What will become of these kids, I wonder.

This is a familiar story. African kids may get through elementary school but to go on requires some tuition, books and uniforms and this is often out of reach for a family living in poverty. Even fewer go on to post-secondary education. Most rely on outside support to continue their education. But there are so many pupils in this circumstance all desperate for some assistance.

Enjoy Christopher, Edward and some of their classmates as they do some Ugandan Traditional Dancing at the Hope for Youth School in Uganda. And realize how lucky we are that most of our students are able to complete secondary school with public funding regardless of their background or family situation.

Getting the jump on jiggers

A couple of years ago, while I was traveling in Uganda, I thought that I had a blister or a plantar wart on the end of my little toe. I even bought new running shoes to try to remedy the situation.

Little did I know.

When I was sitting on a patio in sandals, one of my African friends looked at my foot. “You have a jigger.” he said. I pooh-poohed this suggestion but he insisted. ” I know jiggers. When I was a kid I had so many of them. Sometimes when I was going to fetch water, I would sit down and cry because my feet hurt so much.”

I was surprised when my friend “delivered” this cyst full of jigger eggs out of the tip of my right pinkie toe.

“I can cut it out for you.” he offered.

He could have started that sentence with “I’m no doctor, but …”

So as he whittled away at my toe, extracting a lump that was the size of a small kernel of corn from the tip, I learned about jiggers.

Jiggers (quite different from chiggers) are little fleas that live in the soil. They are a common plight in East Africa. The female finds some flesh into which she can burrow and produce hundreds of eggs which are encased in a cyst-like structure that gradually grows within the flesh of the host. Eventually the cyst bursts and the eggs scattered back into the dirt where the cycle starts again.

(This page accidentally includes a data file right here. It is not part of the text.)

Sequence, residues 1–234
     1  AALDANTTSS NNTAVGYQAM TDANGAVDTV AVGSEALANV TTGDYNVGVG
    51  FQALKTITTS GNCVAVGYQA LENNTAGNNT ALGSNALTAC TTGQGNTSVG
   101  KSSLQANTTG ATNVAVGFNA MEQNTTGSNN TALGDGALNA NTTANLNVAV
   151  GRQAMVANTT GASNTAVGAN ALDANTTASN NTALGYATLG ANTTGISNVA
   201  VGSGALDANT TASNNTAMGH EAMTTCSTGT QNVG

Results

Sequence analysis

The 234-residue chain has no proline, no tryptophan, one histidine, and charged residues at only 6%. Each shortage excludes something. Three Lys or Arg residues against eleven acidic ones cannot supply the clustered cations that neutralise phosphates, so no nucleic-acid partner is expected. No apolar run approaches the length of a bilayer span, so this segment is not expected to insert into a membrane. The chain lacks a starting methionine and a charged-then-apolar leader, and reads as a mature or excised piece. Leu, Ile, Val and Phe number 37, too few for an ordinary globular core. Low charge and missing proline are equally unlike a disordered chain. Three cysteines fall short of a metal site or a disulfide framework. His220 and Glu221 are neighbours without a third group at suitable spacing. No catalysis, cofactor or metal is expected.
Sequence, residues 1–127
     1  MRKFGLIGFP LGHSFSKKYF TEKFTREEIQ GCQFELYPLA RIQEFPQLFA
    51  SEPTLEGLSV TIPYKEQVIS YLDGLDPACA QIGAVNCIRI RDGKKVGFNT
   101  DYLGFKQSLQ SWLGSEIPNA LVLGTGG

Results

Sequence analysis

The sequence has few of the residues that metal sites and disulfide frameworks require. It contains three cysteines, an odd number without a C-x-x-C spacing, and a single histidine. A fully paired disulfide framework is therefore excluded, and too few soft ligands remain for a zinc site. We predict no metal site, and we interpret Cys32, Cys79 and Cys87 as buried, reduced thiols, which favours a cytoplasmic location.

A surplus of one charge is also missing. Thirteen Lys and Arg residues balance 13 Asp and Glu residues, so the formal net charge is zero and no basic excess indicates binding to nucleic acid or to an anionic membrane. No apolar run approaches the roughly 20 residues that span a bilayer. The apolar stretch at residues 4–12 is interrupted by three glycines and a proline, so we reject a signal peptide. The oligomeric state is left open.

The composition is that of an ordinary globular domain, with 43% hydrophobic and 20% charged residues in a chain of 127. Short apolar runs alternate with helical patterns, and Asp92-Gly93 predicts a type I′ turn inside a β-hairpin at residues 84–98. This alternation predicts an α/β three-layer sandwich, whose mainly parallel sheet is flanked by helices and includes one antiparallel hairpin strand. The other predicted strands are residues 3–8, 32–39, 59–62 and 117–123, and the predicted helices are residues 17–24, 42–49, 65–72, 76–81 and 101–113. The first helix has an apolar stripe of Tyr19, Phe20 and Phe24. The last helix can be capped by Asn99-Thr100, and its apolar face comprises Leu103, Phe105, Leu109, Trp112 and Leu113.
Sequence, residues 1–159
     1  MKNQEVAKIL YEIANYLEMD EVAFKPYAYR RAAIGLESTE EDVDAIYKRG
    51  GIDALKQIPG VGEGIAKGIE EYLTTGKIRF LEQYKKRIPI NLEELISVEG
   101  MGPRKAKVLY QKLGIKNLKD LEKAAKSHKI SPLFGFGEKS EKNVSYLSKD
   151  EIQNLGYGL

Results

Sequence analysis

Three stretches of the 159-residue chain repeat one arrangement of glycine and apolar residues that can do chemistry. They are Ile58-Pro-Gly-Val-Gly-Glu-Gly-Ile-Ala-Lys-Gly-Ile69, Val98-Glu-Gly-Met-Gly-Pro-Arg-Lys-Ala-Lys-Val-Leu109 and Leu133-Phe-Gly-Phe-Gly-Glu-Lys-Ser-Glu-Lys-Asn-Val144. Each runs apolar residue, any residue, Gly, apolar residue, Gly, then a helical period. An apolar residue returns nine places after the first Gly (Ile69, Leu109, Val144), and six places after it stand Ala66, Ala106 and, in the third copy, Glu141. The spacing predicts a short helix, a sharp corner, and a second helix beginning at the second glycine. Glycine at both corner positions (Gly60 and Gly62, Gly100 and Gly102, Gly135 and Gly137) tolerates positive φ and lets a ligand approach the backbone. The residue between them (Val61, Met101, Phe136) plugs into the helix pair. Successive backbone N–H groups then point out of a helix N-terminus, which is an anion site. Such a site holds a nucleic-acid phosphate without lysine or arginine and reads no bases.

These fleas live in tropical environments where people are often barefoot or wearing minimal footwear. In addition, traditional homes and even schools and churches often have dirt floors, the perfect environment for the jiggers to flourish. Children’s feet in crowded, dirt-floored classrooms are particularly vulnerable to infestation.

The CanAssist African Relief Trust learned of this plight for children in the Hope for Youth School near Mukono Kenya. The teachers insisted that cementing the floors of the classrooms would help eliminate this scourge. So, with money raised by the children at Sweet’s Corners School near Lyndhurst, Ontario, CanAssist set about cementing the floors of the Hope for Youth School.

The children of Sweet’s Corners Elementary School helped their African counterparts by funding the cementing of school floors to prevent jiggers.

The children at Hope for Youth school were happy to show me their healthy feet after the classroom floors had been cemented to prevent jiggers.

With development projects it is often difficult to evaluate outcomes. But for this one it seemed relatively simple.

I had the school check the feet of all 107 children in the classrooms before the flooring was installed. 74% of the kids had jiggers and more than half of these had more than three in their feet. A few months after the floors were cemented, I was in the school and personally checked the feet of all the same children. The prevalence of jiggers went from 74% to 7%. The children were delighted.

The cost of this project was in the range of $1500  It brought relief to over 100 children and also demonstrated that cement floors that can be washed and swept can stop a jigger infestation.